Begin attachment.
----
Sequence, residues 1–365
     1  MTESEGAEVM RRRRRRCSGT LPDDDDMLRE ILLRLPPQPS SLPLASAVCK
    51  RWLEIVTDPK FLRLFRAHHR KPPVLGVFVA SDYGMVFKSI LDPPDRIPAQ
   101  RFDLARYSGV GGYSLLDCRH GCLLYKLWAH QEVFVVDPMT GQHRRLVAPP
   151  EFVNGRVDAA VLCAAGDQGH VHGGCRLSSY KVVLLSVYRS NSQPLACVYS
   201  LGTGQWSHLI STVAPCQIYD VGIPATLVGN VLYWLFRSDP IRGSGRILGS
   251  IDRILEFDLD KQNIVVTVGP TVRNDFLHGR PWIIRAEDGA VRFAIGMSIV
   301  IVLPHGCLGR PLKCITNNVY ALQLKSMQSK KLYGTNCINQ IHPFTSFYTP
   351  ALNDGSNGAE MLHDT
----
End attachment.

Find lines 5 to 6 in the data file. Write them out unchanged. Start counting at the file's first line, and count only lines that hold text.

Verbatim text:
   151  EFVNGRVDAA VLCAAGDQGH VHGGCRLSSY KVVLLSVYRS NSQPLACVYS
   201  LGTGQWSHLI STVAPCQIYD VGIPATLVGN VLYWLFRSDP IRGSGRILGS